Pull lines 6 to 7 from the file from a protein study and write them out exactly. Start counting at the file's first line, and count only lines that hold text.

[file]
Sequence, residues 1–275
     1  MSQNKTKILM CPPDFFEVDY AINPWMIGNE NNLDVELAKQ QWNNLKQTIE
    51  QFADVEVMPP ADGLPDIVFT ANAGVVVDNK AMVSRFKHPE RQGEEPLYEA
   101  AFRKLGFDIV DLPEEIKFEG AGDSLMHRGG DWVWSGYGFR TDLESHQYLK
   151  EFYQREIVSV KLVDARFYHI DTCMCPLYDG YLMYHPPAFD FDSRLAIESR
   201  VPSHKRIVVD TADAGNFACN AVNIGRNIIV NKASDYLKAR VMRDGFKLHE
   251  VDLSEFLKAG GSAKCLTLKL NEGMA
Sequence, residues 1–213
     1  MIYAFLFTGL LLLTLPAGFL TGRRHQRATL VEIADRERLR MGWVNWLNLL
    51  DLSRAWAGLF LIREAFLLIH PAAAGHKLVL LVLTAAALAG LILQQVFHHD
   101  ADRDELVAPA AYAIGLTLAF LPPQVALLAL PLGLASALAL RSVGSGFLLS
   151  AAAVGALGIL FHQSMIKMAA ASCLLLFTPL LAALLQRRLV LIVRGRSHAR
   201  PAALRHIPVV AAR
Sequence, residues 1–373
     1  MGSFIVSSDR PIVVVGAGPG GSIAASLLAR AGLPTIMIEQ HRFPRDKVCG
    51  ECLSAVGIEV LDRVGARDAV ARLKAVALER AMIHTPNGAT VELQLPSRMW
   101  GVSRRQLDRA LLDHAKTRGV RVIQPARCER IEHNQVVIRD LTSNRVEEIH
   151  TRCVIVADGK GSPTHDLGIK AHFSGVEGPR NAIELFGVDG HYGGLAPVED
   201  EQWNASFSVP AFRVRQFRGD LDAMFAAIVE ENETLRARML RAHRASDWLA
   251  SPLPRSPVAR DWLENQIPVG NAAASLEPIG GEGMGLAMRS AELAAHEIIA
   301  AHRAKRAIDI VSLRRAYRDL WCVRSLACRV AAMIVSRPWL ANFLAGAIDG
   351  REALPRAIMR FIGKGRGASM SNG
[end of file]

   201  VPSHKRIVVD TADAGNFACN AVNIGRNIIV NKASDYLKAR VMRDGFKLHE
   251  VDLSEFLKAG GSAKCLTLKL NEGMA